Friday Takes - August 12, 2016
Some hot, some not, a round-up of everything in the marketing/comms world that left a mark on us this week.
Takes For Your Comms Program
There’s Molding Ham In My Croissant - fast-food chain Jack-in-the-Box receives over 25,000 comments and posts like this a month. Well, hopefully not exactly like that. This article analyzes how they approach customer service after closing call centers and moving all service online, as well as how they try and turn those service instances into evergreen relationships with customers. We don’t all get that many comments, but it’s a good look at how to handle online service in general. A big key is having internal processes and protocol, not just a platform.
Replace A Backsplash In A Snap - Lowe’s is using Snapchat to take DIY videos to the next level of entertainment. Rather than simply releasing a video showing how to replace a backsplash, Lowe’s is using Snapchat to involve viewers in the process, having them tap nails, push a saw or apply tiles with their thumbs. While the short videos may be too simplistic to adequately show someone how to do a home improvement project, the approach the brand uses with social content is sound - “it’s all about inspiring, instructing, informing and entertaining plus utility”.
More! We Want More! - Snapchat is expanding its ad-tech pilot two months into the program, now inviting more advertisers to pay for a video ad appearing between stories.
Shhhhhh….Don’t Tell - no! You do have to tell! One in four influencers have revealed that brands have asked them not to disclose a paid relationship. That’s an FTC violation, folks. You must disclose paid relationships with any influencers, and free product is considered a paid relationship. Understand the guidelines before you start doing influencer marketing. And if you have have questions - ask someone who knows, like us!
In - Instagram Stories; Out - Snapchat (?) - Instagram’s new Stories feature is already getting rave reviews from brands. The functionality, a direct rip-off of Snapchat, is driving better results for brands than Snapchat, partially due to a larger audience and partially due to Instagram’s more catering attitude toward brands. Already featuring easier search and better engagement tracking, Instagram might be instilling a little fear in Snapchat with these early Stories results.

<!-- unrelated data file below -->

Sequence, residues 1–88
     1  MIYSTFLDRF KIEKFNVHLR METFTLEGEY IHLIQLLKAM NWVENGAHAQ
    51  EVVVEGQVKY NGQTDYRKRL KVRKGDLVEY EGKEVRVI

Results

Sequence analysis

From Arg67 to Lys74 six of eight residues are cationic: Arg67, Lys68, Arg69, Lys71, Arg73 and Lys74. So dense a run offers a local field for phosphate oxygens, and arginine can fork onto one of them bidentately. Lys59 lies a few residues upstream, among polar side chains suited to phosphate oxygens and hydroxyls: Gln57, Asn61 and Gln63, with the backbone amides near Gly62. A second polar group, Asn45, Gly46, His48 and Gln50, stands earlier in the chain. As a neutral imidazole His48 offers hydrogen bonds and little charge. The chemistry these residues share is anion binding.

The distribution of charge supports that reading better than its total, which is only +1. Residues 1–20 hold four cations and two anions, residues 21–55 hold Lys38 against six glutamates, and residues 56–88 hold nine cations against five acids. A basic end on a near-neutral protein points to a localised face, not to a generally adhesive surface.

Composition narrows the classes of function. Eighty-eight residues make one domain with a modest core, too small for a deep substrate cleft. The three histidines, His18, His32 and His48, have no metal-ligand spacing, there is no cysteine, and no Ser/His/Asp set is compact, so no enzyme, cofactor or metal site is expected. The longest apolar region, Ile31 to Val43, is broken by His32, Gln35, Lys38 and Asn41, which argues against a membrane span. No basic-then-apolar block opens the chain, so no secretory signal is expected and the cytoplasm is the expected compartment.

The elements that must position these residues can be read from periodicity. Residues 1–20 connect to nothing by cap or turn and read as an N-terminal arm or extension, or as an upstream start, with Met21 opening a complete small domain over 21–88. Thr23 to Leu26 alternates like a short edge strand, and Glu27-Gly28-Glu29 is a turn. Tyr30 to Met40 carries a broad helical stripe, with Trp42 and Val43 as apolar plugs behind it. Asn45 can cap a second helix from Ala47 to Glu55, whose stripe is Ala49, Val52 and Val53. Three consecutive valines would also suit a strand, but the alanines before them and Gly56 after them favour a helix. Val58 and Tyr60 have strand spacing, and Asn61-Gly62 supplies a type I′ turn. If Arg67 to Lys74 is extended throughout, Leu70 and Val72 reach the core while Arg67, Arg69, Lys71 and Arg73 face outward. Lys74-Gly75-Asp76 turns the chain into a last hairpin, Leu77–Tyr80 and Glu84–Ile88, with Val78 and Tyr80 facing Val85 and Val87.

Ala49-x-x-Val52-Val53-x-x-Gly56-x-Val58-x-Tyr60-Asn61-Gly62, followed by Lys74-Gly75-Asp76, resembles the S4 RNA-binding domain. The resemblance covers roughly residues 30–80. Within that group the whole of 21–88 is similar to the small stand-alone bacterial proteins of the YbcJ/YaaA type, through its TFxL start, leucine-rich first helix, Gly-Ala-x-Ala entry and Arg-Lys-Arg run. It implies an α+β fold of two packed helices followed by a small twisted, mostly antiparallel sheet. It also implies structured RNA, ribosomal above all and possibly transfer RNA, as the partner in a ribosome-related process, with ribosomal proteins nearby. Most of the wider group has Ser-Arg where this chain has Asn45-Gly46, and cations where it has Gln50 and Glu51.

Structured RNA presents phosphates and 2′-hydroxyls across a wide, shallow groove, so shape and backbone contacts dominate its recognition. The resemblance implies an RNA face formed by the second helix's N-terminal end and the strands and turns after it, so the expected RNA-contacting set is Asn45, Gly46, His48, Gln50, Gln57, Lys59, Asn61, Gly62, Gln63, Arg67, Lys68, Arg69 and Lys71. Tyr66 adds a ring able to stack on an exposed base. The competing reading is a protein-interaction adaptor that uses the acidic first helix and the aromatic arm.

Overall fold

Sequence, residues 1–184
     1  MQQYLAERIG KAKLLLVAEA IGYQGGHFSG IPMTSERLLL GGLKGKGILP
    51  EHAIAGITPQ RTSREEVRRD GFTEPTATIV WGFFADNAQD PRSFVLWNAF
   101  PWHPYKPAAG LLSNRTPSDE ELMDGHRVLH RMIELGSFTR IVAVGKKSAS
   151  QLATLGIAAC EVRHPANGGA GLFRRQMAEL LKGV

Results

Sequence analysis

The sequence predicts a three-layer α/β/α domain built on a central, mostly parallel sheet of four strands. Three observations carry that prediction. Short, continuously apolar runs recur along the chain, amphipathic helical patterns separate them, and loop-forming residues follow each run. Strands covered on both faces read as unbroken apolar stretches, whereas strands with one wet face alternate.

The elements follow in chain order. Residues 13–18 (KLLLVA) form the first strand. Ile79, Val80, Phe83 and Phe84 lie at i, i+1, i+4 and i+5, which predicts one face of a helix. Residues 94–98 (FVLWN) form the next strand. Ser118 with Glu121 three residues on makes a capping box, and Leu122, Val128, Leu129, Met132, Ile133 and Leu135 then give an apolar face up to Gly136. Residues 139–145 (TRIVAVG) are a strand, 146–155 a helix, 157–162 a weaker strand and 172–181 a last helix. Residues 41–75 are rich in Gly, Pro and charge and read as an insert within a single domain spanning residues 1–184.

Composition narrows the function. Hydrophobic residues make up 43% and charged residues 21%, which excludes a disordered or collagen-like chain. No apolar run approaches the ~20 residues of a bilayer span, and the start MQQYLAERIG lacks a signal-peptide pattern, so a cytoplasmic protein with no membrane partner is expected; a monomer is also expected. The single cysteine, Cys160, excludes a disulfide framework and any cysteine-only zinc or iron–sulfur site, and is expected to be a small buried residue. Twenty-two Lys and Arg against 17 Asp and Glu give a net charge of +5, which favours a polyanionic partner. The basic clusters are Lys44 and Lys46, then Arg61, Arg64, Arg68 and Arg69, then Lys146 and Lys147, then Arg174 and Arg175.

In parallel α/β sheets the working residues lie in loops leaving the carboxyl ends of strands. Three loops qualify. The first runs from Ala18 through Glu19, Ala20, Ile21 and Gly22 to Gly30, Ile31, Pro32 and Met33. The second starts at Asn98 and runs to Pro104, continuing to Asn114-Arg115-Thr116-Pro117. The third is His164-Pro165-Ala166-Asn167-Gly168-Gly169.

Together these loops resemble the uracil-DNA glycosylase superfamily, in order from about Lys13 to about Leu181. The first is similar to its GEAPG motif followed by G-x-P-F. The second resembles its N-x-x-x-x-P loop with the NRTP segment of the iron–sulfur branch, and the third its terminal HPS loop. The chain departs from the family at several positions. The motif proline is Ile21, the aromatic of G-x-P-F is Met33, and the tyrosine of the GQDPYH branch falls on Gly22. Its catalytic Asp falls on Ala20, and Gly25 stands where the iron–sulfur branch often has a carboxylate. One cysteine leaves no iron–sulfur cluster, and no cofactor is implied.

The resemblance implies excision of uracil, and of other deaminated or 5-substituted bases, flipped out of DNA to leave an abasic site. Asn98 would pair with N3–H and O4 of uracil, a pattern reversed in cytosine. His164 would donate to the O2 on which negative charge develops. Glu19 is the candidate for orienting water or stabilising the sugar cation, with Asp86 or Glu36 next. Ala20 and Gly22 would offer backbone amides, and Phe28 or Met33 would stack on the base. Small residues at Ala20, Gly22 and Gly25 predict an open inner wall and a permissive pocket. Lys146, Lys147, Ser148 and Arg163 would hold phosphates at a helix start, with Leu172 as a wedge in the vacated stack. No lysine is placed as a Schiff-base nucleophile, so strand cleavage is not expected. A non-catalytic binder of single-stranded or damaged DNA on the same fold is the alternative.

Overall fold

Going Once, Going Twice, Sold! - Pinterest advertisers can now bid on cost-per-impression through an auction to set prices. Brands were already able to purchase ads based on cost-per-click and cost-per-engagement through the auction. Previously CPM ads were listed at fixed prices.
Culture, Entertainment and Media Takes
Third Rate - that’s what NBC News/MSNBC reporter Katy Tur is, at least according to Donald Trump. The third rate reporter gives her perspective about media life on the campaign trail, dodging insults from the Republican presidential nominee, and her Secret Service escort after a rally crowd turned on her.
#PhelpsFace - USA Swimming is using social media to drive deeper awareness and interest in the sports and its athletes.
The Every 4 Year Games, Spherical Necklaces Made Of Precious Metals, And That City In The South American Country Known For Soccer - most in marketing are now aware that they can’t reference certain terms in their marketing materials while a certain every four year athletic competition is happening. But where did those stringent rules come from? Turns out we can blame Nike and Michael Johnson’s golden shoes from 1996.
Soulful Hype Video - Chance the Rapper took a different approach to his hype video for the USA Basketball team, using a soulful, Star Spangled Banner inspired tune instead of a more traditional upbeat sound frequently found in hype videos. It works, but not as well as this one from 2008. That one...goosebumps.
Old Tweets Die Hard - a surprisingly long and deep examination of Donald Trump’s tweets from 2012 to try and piece together how he formed the Twitter strategy (strategy? can we call it that? Guess so) he’s used during the presidential election.